2013-09-19 / Outdoors

DNR: Small game bountiful this season

LANSING – Small-game hunting season began Sept. 1 with the opening of the early Canada goose season and continues until rabbit and hare season ends on March 31. Department of Natural Resources wildlife biologists across the state say hunters should find conditions similar to last year in Michigan’s wood lots, farm fields and wetlands.


Season: Cottontail rabbits and varying (or snowshoe) hare can be hunted from Sept. 15 - March 31, statewide. The daily bag limit is five in combination with a possession limit of 10.

Outlook: Roughly 60,000 hunters reported pursuing rabbits in 2010 (the most recently completed harvest survey).


Season: Sept. 15 - March 1. The daily bag limit is five per day with 10 in possession.

Outlook: Both fox and gray squirrels are at moderate to high levels across much of the state.

Ruffed Grouse

Season: Sept. 15 - Nov. 14 and Dec. 1 - Jan. 1, statewide. The bag limit is five per day/10 in possession in the northern twothirds of the state, three per day/six in possession in Zone 3 (southern Michigan).

Outlook: Grouse populations are cyclical, typically rising and falling over a 10-year period, and indications are that we are coming off a peak and into decline. The spring drumming survey showed a statewide decline of 13 percent from last year with the highest counts in the Upper Peninsula. Grouse are most numerous in the Upper Peninsula and northern Lower Peninsula.


Season: Sept. 21 - Nov. 4, statewide. The daily bag is three with a possession limit of six.

Outlook: Although woodcock populations are in long-term decline because of decreasing habitat quality, hunters can expect about the same results they enjoyed last year, when roughly 35,000 hunters – often in conjunction with grouse hunting – said they pursued woodcock.

Sharp-tailed Grouse

Season: Oct. 10-31 in the eastern Upper Peninsula, east of M-129 and east of I-75 north of M-48. The limit is two daily, with four in possession; six per season.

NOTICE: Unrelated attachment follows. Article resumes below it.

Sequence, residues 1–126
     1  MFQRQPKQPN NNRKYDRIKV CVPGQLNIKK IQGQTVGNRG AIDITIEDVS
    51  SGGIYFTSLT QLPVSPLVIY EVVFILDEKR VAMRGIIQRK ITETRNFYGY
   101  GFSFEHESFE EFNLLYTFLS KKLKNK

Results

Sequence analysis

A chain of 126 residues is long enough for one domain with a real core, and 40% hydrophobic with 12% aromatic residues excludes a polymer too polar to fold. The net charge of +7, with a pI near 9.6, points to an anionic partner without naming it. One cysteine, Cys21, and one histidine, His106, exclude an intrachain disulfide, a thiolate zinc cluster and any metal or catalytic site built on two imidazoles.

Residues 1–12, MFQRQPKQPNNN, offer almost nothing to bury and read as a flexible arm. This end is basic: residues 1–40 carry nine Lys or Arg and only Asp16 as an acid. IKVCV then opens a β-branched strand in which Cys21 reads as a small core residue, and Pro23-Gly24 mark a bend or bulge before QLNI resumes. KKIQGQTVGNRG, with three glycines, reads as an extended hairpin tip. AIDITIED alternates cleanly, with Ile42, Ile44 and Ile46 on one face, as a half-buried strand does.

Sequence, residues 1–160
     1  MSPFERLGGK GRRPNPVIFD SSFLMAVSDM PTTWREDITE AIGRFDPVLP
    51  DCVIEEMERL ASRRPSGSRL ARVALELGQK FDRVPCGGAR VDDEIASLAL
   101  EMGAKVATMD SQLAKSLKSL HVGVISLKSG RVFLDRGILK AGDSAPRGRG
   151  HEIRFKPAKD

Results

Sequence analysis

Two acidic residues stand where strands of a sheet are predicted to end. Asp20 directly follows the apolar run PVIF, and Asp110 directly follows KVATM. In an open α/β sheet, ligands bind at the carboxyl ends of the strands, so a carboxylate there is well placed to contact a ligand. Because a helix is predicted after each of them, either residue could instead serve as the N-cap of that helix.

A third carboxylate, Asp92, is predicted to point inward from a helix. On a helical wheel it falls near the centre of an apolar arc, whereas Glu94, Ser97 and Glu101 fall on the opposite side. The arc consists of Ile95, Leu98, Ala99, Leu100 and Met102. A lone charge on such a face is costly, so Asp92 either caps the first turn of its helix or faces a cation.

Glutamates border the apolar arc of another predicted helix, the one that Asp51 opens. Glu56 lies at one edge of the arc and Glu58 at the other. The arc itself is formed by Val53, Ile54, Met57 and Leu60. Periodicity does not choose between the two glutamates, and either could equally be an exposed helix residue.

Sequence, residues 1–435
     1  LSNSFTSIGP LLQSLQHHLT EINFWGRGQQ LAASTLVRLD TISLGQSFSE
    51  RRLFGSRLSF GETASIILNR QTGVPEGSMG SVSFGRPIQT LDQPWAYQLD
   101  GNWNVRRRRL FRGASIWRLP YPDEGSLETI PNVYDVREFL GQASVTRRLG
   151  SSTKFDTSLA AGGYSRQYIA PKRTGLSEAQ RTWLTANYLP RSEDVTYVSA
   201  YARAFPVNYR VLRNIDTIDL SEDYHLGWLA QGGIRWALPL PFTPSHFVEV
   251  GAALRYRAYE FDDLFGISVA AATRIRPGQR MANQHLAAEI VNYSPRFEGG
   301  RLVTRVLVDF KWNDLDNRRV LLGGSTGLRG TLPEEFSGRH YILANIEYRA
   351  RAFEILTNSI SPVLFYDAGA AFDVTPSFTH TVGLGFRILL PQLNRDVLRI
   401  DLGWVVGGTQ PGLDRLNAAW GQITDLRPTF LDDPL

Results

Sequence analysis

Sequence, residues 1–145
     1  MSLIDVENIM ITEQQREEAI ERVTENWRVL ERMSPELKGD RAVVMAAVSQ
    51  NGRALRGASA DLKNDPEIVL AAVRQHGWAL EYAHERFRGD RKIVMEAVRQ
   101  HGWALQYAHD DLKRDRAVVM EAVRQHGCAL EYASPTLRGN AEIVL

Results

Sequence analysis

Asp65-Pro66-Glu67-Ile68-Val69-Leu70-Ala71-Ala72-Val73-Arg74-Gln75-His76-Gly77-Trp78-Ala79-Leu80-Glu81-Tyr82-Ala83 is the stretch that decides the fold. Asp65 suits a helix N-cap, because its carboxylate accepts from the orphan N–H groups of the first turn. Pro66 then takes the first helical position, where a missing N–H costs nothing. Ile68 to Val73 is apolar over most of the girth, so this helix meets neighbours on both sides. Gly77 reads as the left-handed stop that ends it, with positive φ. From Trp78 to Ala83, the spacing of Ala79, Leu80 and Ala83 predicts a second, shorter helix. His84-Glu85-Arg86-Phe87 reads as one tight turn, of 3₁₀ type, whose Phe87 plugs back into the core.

Outlook: This is the fourth season of hunting after nearly a decade of closed seasons. Sharptails are birds of grasslands and associated shrubby habitat (think pheasant habitat).


Season: Oct. 10-31 in the Upper Peninsula in Menominee County and portions of Iron, Marquette, Dickinson and Delta counties, Oct. 20 - Nov. 14 in the Lower Peninsula and Dec. 1 - Jan. 1 in selected areas of Zone 3. The limit is two cocks daily, with four in possession.

Outlook: Pheasant populations have been in decline for a number of years, primarily because of changes in agricultural practices and/or urban sprawl, though this summer rural mail carrier brood index was the best since 2004

Wild Turkey

Season: Sept. 15 - Nov. 14 in 11 management units including the entire Upper Peninsula (except Isle Royale). Licenses are issued by lottery, though leftover licenses are available over the counter on a first-come, first-served basis until management unit quotas are met. The limit is one bird of either sex per license.

Outlook: Fall turkey seasons are only held in areas where populations are stable to increasing, so prospects are very good.


Seasons: Sept. 21 - Nov. 10 and Nov. 23 - Dec. 1 in the North Zone (Upper Peninsula); Oct. 5 - Dec. 1 and Dec. 14-15.

The bag limit for ducks is six per day with no more than four mallards (no more than one hen), three wood ducks, three scaup (bluebills), two redheads, two pintails, two canvasbacks and one black duck. Five additional mergansers (no more than two may be hooded mergansers) may be taken. Possession limit is two days’ daily bag limit.

Outlook: Prospects for Michigan’s 40,000 duck hunters are excellent. Continental populations are down 6 percent from last year, but remain 33 percent above the long-term average.

Canada Geese

Seasons: The early season is Sept 1-15 except in the Upper Peninsula and Saginaw, Huron and Tuscola counties, where the season is Sept. 1-10. The daily bag limit is five.

The regular goose seasons are Sept. 11 - Dec. 11 in the North Zone.

Outlook: Resident Canada goose populations, which account for more than 70 percent of the state’s total harvest, are above population goals, so hunters should find plenty of geese, with as much opportunity as ever.

For more information on Michigan hunting seasons, licensing and other information, visit www.michigan.gov/hunting. If you’re looking for a place to hunt, check out Mi-HUNT (www.michigan.gov/mihunt).

Return to top